Aims: To determine the levels of coverage of work related traumatic deaths by official occupational health and safety (OHS) and compensation agencies in Australia, to allow better understanding and interpretation of officially available statistics.
Methods: The analysis was part of a much larger study of all work related fatalities that occurred in Australia during the four year period 1989 to 1992 inclusive and which was based on information from coroners’ files. For the current study, State, Territory, and Commonwealth OHS and compensation agencies were asked to supply unit record information for all deaths identified by the jurisdictions as being due to non-suicide traumatic causes and which were identified by them as being work related, using whatever definitions the agencies were using at the relevant time. This information was matched to cases identified during the main study.
Results: The percentage of working deaths not covered by any agency was 34%. Only 35% of working deaths were covered by an OHS agency, while 57% were covered by a compensation agency. The OHS agencies had minimal coverage of work related deaths that occurred on the road (to workers (8%) or commuters (3%)), whereas the compensation system covered these deaths better than those of workers in incidents that occurred in a workplace (65% versus 53%). There was virtually no coverage of bystanders (less than 8%) by either type of agency. There was marked variation in the level of coverage depending on the industry, occupation, and employment status of the workers, and the type of injury event involved in the incident.
Conclusions: When using data from official sources, the significant limitations in coverage identified in this paper need to be taken into account. Future surveillance, arising from a computerised National Coroners Information System, should result in improved coverage of work related traumatic deaths in Australia.
- official statistics
Statistics from Altmetric.com
Official State, Territory, and Commonwealth occupational health and safety (OHS) and workers’ compensation (“compensation”) agencies are the main sources of statistics on OHS in Australia. In Australia and many western countries, most government funded prevention activities are based on information from these agencies. Many other individuals and groups in the OHS community, such as insurance institutions, researchers, educators, employers, and unions, also rely on this information to inform their activities. If prevention activity is to be appropriately planned and evaluated, it is important that the overall coverage, and the coverage of particular subgroups of workers or incident types, by these agencies is known. However, the completeness of coverage by these agencies of traumatic fatalities relating to work is not well known. In Australia, there is no reliable information on this. Information from other countries, largely based on comparing data from multiple but incomplete data sources, suggests that official statistics on work related traumatic death provide a significant underestimate of the true number of work related traumatic deaths.1–7 The situation is as bad, or worse, for non-fatal injuries.8–11
Public OHS and compensation agencies have deliberate and practical limitations on their coverage of work related fatal incidents.
Official data from OHS and compensation agencies significantly underestimate the extent of work related traumatic death in the community.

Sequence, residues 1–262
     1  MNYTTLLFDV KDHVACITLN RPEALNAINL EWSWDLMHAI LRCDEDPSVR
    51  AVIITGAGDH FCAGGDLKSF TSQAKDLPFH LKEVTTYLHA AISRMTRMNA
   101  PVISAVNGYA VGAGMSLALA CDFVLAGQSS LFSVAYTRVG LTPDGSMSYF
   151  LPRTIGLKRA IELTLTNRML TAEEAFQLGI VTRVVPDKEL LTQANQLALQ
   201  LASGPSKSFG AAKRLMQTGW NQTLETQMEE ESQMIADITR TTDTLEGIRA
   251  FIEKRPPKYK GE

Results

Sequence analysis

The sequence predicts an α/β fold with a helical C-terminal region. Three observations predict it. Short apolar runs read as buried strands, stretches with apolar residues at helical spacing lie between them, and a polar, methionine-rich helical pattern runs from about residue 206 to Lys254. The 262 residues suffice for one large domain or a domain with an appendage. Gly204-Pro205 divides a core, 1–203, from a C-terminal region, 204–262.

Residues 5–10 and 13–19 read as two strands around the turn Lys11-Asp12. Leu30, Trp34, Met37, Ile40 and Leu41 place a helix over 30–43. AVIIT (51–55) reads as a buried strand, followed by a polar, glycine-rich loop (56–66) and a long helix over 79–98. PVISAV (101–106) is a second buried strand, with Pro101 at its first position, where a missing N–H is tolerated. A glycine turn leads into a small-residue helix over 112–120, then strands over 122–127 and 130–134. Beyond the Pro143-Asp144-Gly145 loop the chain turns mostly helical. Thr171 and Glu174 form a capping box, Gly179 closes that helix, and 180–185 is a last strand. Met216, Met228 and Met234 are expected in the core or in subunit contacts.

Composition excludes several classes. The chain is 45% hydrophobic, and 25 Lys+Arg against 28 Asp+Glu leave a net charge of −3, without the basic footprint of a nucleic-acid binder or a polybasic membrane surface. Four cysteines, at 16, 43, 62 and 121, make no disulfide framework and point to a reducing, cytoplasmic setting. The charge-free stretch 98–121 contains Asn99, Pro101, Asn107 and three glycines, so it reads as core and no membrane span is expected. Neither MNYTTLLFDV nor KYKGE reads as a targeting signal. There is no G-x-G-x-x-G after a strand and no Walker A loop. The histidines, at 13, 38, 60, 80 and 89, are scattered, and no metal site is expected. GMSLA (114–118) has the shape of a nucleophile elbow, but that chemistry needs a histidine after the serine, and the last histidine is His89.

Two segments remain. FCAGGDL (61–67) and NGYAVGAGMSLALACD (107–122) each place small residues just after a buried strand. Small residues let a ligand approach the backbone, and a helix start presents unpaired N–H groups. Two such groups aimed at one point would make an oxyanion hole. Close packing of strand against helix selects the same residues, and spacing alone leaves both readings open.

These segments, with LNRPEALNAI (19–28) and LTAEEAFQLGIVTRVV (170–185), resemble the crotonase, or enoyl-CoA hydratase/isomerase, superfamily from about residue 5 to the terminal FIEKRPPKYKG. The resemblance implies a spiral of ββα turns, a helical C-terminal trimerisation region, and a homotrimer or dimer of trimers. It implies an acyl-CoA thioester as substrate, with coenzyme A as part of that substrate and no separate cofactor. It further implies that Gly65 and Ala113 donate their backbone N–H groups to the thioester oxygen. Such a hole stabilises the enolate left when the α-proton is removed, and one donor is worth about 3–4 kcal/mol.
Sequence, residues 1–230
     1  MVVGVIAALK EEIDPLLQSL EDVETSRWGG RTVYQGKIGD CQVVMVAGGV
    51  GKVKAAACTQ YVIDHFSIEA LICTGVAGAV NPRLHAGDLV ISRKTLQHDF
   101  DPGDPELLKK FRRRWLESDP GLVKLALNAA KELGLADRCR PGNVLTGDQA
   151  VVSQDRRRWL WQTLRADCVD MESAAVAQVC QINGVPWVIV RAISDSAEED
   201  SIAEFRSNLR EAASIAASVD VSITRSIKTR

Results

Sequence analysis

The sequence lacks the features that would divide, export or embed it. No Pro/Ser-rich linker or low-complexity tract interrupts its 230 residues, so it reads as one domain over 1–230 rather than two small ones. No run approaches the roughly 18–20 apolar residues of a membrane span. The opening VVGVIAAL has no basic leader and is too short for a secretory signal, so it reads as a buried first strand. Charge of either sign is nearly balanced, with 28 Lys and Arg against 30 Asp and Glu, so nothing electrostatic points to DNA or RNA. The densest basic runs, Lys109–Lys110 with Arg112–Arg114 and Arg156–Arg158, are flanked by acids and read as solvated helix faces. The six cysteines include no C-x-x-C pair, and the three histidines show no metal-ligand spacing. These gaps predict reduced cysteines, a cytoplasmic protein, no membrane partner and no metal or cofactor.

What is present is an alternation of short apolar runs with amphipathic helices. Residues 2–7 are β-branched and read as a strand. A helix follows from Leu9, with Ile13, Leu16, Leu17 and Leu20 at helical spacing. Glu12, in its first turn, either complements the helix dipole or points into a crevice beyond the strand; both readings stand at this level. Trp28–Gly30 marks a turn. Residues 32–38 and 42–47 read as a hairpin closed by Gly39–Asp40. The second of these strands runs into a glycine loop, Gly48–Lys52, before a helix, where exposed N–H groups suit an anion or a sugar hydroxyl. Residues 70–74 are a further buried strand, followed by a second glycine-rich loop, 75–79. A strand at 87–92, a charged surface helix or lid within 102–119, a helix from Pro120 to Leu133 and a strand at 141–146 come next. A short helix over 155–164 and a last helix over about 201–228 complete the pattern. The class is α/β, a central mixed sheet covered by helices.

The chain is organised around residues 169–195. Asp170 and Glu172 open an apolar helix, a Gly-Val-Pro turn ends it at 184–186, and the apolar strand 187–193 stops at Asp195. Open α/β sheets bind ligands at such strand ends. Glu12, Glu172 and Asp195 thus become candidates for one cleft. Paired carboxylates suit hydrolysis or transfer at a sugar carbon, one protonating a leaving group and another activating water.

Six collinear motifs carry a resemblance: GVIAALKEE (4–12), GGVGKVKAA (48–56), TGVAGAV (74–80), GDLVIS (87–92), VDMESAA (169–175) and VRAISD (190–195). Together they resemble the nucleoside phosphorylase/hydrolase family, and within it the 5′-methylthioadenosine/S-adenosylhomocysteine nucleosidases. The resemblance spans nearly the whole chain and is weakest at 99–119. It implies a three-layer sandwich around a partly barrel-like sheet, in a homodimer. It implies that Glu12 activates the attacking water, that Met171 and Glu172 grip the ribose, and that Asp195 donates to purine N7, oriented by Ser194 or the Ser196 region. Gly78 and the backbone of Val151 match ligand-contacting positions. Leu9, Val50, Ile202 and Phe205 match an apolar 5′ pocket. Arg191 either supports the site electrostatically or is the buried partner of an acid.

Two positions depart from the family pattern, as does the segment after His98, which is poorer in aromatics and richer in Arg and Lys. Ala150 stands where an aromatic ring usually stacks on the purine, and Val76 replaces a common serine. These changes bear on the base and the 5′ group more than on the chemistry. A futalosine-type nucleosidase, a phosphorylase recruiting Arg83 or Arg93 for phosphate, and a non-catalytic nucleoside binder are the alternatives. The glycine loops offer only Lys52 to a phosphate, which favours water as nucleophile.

The extent of underestimation of work related fatalities varies considerably depending on the circumstances of the fatality.
Coroners’ records potentially provide excellent coverage of work related fatalities.
A recently completed investigation of work related fatalities in Australia, based on coroners’ records,12 provided an opportunity to accurately determine the coverage of such deaths by the OHS and compensation agencies. Since coroners investigate all external cause deaths in Australia, the data obtained from coroners’ records should, in theory, have included all work related fatalities that occurred in Australia during the study period. The data could, therefore, be used as a “gold standard” against which agency data could be measured. Unfortunately, coroners’ records currently are poorly accessible and do not always contain details useful for prevention. Therefore, other data sources such as OHS and compensation agencies are commonly used.
Surveillance of work related fatalities should not be based only on information from official OHS and compensation agencies.
Priority setting regarding work related fatality prevention should not be based only on information from official OHS and compensation agencies.
OHS agencies should be encouraged to investigate and report on ALL traumatic deaths related to work activities.
The purposes of the analysis described here were to determine overall levels of coverage of work related traumatic deaths by official OHS and compensation agencies, and identify which occupations, industries, and incident types are well covered, and which areas are less well covered, by official agency data sources.
The analysis presented here was part of a much larger study of all non-suicide work related traumatic deaths that occurred in Australia during the four year period 1989 to 1992 inclusive, and that was based on information collected from coroners’ files in each of the Australian States and Territories. The coroners’ files relating to these deaths were read, and deaths classified as cases (work related), non-cases (not work related), or indeterminate. The methodology used in the larger study is described in detail elsewhere.12